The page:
Partial President Rule: "Not To Destabilise Democratically Elected State Government, Only Aimed At What Constitution Truly Provides"
This is a crux of the talk delivered by Senior Advocate Chetan Mittal (ASG) on the topic "Understanding Partial President's Rule" organised by Think India Constitutional Law Forum, SIPLA & Lawbeat.
While the discourse began with the kind of Federal Structure India observes, it quickly transcended to establish that a Partial President Rule is permissible, very well within our Constitutional Framework and can be resorted to in the best interest of Nation, State and its people.
Reliance was placed on Section 93, Government of India Act, 1935, Remarks by Dr. Ambedkar in Constituent Assembly Debates and Joint Committee Report on Centre-State Relations.
"By opting for a Partial President Rule, you are not going against the democratically elected State Government, but only restoring what the Constitution truly provides," said the learned Asst. SG in his course of address.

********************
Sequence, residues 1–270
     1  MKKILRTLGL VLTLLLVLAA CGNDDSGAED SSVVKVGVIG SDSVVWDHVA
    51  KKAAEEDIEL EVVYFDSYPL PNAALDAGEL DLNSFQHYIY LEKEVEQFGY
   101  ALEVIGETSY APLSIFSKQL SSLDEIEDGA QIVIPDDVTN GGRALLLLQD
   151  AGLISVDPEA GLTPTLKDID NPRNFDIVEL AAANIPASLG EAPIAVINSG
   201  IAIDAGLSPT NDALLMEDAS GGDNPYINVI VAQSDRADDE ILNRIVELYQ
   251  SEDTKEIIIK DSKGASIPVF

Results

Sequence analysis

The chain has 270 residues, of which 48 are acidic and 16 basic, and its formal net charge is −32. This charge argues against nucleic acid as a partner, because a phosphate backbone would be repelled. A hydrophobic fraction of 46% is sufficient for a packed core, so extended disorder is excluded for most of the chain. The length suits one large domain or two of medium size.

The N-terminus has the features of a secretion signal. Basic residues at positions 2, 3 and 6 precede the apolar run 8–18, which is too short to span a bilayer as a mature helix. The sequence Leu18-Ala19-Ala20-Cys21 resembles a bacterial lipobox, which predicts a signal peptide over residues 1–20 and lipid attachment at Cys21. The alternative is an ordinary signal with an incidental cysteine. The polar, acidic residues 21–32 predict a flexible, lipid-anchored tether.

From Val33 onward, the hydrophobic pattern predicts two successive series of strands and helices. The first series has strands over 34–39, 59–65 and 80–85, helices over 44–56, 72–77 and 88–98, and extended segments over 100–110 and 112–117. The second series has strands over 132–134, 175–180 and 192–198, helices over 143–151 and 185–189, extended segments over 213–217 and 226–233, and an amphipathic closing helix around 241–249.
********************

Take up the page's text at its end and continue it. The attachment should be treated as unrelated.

Mr. Mittal, at the outset, drew a distinction between the kind of Federal structure India practices as against what exists in the West.
“It is not coming out of some agreement between the States, as in the case of USA. Our federal structure is different from any other country in the world.”
- Ld. ASG
It is to be understood that while the Russian Federation or the European Union runs on a common consensus of the participating States, India runs on a quasi-federal structure with an inclination towards a Strong Centre.
“Indian federation has not resulted by virtue of instrumentality of agreements with the units – it embodies the indestructibility of the Union,” Learned Asst. SG said citing Dr. Ambedkar.
Placing reliance on the case of State of West Bengal v. Union Of India, (1964) 1 SCR 371, Senior Adv. Mittal read out the following four characteristics of Federalism laid by the Supreme Court back in 1964:
- A truly federal form of Government envisages an agreement between independent and sovereign units to surrender partially their authority in their common interest and vesting it in a Union.